One Week (1920 film)

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One Week
Buster keaton one week poster.jpg
Directed by Edward F. Cline
Buster Keaton
Produced by Joseph M. Schenck
Written by Edward F. Cline
Buster Keaton
Starring Buster Keaton
Sybil Seely
Joe Roberts
Lon Chaney[citation needed]
Cinematography Elgin Lessley
Edited by Buster Keaton
Distributed by Metro Pictures
Release date(s)
  • September 1, 1920 (1920-09-01)[1]
Running time 19 minutes
Country United States
Language Silent film
English intertitles

One Week is a 1920 American short comedy film starring comedian Buster Keaton, the first film to be released made by Keaton on his own; Keaton had worked with Roscoe "Fatty" Arbuckle for a number of years. The film was written and directed by Keaton and Edward F. Cline, and runs for 19 minutes. Sybil Seely co-stars. The High Sign had been filmed prior to One Week, but Keaton considered it an inferior effort to debut with, and released it the following year when he was convalescing from an injury.

Guitarist Bill Frisell released a soundtrack to the movie in 1995 on his album The High Sign/One Week.

In 2008, One Week was selected for preservation in the United States National Film Registry by the Library of Congress as being "culturally, historically, or aesthetically significant".[2]

Plot[edit]

Buster Keaton One Week title card
Keaton admires his build-it-yourself house
One Week

The story involves two newlyweds, Keaton and Seely, who receive a build-it-yourself house as a wedding gift. The house can be built, supposedly, in "one week". A rejected suitor secretly re-numbers packing crates. The movie recounts Keaton's struggle to assemble the house according to this new "arrangement". The end result is depicted in the picture. As if this were not enough, Keaton finds he has built his house on the wrong site and has to move it. The movie reaches its tense climax when the house becomes stuck on railroad tracks. Keaton and Seely try to move it out the way of an oncoming train, which eventually passes on the neighboring track. As the couple look relieved, the house is immediately struck and demolished by another train coming the other way. Keaton stares at the scene, places a 'For Sale' sign with the heap (attaching the building instructions) and walks off with Seely.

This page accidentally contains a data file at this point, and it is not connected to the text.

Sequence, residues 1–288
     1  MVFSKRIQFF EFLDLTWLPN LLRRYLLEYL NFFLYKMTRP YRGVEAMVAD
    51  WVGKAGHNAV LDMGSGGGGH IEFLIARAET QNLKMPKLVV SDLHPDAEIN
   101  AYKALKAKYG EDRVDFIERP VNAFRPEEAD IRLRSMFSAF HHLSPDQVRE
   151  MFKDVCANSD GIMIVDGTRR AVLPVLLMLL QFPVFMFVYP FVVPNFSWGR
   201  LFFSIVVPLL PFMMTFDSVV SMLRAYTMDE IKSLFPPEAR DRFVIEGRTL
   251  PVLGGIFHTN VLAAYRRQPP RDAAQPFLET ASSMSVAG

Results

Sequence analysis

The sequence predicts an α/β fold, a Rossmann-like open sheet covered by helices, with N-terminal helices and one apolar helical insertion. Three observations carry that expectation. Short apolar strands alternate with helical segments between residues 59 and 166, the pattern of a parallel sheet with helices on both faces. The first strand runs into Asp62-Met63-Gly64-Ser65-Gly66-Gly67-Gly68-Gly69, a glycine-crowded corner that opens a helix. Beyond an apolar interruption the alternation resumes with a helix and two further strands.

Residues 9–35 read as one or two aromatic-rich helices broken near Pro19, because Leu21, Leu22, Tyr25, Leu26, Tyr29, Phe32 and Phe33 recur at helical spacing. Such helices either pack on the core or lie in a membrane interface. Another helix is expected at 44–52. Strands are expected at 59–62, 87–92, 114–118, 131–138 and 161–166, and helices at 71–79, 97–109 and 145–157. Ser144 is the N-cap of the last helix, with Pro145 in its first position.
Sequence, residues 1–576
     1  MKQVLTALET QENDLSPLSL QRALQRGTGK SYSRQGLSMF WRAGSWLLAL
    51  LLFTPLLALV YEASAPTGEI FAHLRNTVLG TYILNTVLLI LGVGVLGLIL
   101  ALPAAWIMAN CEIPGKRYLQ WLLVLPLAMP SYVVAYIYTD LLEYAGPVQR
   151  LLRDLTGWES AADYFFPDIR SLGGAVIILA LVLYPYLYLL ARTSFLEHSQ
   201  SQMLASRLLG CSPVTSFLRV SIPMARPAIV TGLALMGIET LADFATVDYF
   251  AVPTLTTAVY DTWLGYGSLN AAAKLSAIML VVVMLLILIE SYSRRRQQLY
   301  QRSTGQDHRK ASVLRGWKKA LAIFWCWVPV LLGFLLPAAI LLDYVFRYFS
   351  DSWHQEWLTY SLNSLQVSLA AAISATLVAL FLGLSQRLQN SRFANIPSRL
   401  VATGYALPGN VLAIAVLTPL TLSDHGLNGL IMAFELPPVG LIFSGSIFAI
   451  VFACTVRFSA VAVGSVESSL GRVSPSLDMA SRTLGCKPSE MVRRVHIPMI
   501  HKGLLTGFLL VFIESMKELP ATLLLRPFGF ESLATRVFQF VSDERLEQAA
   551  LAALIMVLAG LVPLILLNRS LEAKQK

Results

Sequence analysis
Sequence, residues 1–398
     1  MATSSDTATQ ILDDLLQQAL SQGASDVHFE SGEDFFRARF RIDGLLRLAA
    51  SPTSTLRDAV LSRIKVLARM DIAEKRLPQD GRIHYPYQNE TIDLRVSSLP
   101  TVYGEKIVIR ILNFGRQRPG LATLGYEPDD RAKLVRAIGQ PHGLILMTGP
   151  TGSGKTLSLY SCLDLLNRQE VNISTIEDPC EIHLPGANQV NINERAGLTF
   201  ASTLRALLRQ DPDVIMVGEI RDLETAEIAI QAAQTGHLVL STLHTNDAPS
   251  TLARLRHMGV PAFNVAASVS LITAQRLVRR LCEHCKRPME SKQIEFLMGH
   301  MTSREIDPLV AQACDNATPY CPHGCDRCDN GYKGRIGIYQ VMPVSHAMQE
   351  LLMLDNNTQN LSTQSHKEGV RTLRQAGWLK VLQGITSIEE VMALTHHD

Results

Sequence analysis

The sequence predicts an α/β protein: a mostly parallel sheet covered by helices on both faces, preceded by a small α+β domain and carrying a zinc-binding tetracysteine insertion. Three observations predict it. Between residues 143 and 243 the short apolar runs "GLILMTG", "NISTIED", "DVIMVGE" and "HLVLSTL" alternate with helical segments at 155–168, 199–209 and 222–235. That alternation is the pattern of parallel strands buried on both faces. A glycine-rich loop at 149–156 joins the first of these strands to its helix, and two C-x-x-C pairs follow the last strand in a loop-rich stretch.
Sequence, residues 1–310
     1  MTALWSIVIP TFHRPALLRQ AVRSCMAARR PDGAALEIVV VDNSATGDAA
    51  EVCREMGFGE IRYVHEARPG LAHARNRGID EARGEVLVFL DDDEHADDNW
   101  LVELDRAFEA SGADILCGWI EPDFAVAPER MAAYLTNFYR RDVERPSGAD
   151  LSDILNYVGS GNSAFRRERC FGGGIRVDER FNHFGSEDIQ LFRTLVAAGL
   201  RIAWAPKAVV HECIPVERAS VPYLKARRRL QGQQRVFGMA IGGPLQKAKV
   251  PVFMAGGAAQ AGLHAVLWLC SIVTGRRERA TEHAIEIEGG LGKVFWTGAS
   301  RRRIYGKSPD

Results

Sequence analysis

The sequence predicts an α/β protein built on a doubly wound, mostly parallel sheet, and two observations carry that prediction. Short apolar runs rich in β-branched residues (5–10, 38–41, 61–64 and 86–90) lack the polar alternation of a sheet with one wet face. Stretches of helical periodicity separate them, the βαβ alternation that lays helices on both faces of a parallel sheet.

The New York Times movie review said, "One Week, a Buster Keaton work, has more fun in it than most slap-stick, trick-property comedies."[3]

Cast[edit]

Production[edit]

  • The film was inspired by a Ford Motor Company documentary, Home Made (1919), an educational short about prefabricated housing. Keaton saw the film and decided to parody it. One Week has many of the devices used in Home Made, including the wedding, the Model T and the use of the pages from a daily calendar to show the house being built in one week. [4]
  • Many special effects, such as the house spinning around during a storm and the train collision, were filmed as they occurred and were not model work.
  • The house was built on a turntable, so it would be able to spin during the violent rainstorm scene.
  • The fall Keaton takes when he steps out of the bathroom and falls two stories down, is one of the few occasions he truly hurt himself making films. The impact of the fall made his arms and back swell, and his physical trainer, Al Gilmore had to put him in hot and cold showers and then apply olive oil and later horse liniment to eventually get the swelling down. [4]
  • The mischievous rival is an unknown actor. Joe Roberts has a brief bit as a strong-man piano mover.
  • Sybil Seely was 18 years old when she made this film. She starred in 18 movies, the last one in 1922. She died in 1984.

See also[edit]

References[edit]

  1. ^ Knopf, Robert (1999). The Theater and Cinema of Buster Keaton. Princeton University Press. p. 181. ISBN 978-0-691-00442-6. Retrieved 21 October 2010. 
  2. ^ Littleton, Cynthia (December 30, 2008). "'Terminator' joins Film Registry". Variety. 
  3. ^ "The Screen", New York Times, October 25, 1920: 22 
  4. ^ a b Keaton, Eleanor, and Vance, Jeffrey (2001). Buster Keaton Remembered, H.N. Abrams, p. 69.

External links[edit]